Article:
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What is considered excellent/good/fair PA error?

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#1 robininni

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Posted 22 May 2013 - 10:57 PM

Would you tell me if this is good polar alignment? I assume this means 1 minute on Az and 4 minutes on Alt. Is this okay, good, excellent?

Thanks,

Rob

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#2 robininni

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Posted 23 May 2013 - 10:51 AM

Maybe I should rephrase my question, and that is, what is considered excellent vs. good vs. okay polar alignment?

Thanks,

Rob

#3 Mike Wiles

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Posted 23 May 2013 - 11:01 AM

I don't know how to quantify excellent vs good vs okay. Experience taught me a couple of years ago that I could consistently and easily get within 5 arc minutes of the pole with my Celestron mounts and that was sufficient to expose up to 15 minutes. I don't actually know how long I could have exposed before polar alignment became an issue - I never tried.

When I got my AP900 and began using PemPro's polar alignment routine when I setup, I could get within 2 arc minutes of the pole without much effort. I shot subs as long as 45 minutes with that setup in a portable configuration and never had an issue. Now that I have the mount placed permanently, the polar alignment is 35 arc seconds from the pole. During moonlit nights, I shoot 60 minute narrowband subs without issue.

So I'd quantify:

> 10 arc minutes = not ideal
< 10 arc minutes = okay
< 5 arc minutes = good
< 2 arc minutes = excellent

Mike

#4 raf1

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Posted 23 May 2013 - 11:28 PM

Maybe I should rephrase my question, and that is, what is considered excellent vs. good vs. okay polar alignment?


Rob - I have an AP1200 polar aligned <30 a/s in ALT and AZ with PEMPro2. Guiding 30-60 minute subs with an OAG is no problem. My Peak to Peak corrected PE is .86 a/s. I'm wondering if another indicator of good polar alignment would be the length of an unguided image without star trails. Anyone measured this just for the halibut?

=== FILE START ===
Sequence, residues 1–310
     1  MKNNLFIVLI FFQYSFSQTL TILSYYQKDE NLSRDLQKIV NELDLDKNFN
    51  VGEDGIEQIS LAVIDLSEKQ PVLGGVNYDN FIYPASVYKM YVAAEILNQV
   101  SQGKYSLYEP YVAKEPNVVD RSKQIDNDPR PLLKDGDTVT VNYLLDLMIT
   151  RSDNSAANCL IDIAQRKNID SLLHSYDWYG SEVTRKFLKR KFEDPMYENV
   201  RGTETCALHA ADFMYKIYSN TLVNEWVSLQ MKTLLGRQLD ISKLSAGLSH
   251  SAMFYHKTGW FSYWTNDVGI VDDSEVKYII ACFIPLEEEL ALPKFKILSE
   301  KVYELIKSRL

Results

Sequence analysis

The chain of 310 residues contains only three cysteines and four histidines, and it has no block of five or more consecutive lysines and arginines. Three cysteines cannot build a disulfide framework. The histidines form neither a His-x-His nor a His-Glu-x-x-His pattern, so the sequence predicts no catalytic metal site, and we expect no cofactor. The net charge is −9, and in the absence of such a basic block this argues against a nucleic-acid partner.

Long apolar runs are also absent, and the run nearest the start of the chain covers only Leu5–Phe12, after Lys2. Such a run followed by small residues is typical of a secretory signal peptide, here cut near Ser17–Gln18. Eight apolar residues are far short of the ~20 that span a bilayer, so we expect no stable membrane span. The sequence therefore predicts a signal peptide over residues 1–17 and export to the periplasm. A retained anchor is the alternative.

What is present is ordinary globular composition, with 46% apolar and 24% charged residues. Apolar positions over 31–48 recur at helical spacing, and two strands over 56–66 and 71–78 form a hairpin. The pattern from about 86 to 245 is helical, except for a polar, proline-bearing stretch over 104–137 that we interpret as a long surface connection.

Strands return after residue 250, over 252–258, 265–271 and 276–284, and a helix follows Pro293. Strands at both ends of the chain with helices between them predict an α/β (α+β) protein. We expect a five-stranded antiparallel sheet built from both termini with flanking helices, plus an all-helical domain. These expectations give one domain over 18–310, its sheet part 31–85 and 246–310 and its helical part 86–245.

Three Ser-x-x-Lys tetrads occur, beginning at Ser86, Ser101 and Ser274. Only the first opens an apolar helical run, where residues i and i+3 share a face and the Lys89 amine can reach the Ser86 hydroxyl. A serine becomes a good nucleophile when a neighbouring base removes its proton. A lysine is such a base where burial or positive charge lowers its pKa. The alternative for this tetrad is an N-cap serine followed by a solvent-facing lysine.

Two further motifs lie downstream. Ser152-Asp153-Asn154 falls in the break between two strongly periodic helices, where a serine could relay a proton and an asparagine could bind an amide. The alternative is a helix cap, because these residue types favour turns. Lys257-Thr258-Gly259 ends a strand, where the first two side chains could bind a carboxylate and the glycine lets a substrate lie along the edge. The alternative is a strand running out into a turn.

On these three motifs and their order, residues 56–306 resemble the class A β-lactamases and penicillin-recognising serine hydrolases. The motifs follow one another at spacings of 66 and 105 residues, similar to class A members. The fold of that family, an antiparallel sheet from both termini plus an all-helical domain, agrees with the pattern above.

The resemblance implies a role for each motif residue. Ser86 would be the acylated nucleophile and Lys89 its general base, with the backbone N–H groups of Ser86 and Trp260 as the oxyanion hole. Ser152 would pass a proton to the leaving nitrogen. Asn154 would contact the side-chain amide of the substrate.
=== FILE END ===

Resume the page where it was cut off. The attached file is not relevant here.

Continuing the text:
CS, Ron

#5 David Pavlich

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Posted 24 May 2013 - 12:57 PM

There's PE then there's PE. If you have a jagged graph, in other words, jumpy, the PE will be more difficult to guide out. But, if the PE graph is smooth, the guider will have little trouble getting you round stars as long as you've done your part and have a good polar alignment.

David

#6 Jared

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Posted 24 May 2013 - 06:57 PM

Ron, wouldn't that be determined more by periodic error and focal length rather than polar alignment error? PA is just going to determine how long you can go without field rotation.

#7 alpal

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Posted 24 May 2013 - 07:32 PM

Hi Rob,
I find that the results of Deep Sky Stacker let
me see how well I have polar aligned.
Note the PHD guiding cannot stop polar alignment error -
the field will still rotate slightly from mal adjustment.

See the image below.
That was the results for my latest Centaurus A image.

For polar alignment you can see that I obtained worst +.22°
from the reference frame & -.13°.
That's a total error of 0.35° over 2 hours & 11 minutes -
or an error of 0.16° per hour.

Your measurement seems bad at 4 minutes 28 seconds.

May I suggest that you look at what you obtain in DSS
in case your information above is misleading?

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#8 pfile

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Posted 24 May 2013 - 09:18 PM

alpal, that kind of drift while guiding is usually caused by differential flexure rather than polar alignment error. if you have perfect guiding then as you point out you will have field rotation but there should be no drift.

if you turn off guiding and measure the drift then you can draw some conclusions about polar alignment.

#9 raf1

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Posted 24 May 2013 - 09:29 PM

Ron, wouldn't that be determined more by periodic error and focal length rather than polar alignment error? PA is just going to determine how long you can go without field rotation.


Good question Jared and I don't know the answer - never had cause to consider it before. I thought that how long one could go unguided without star trailing at longer focal lengths might be an indicator of polar alignment accuracy.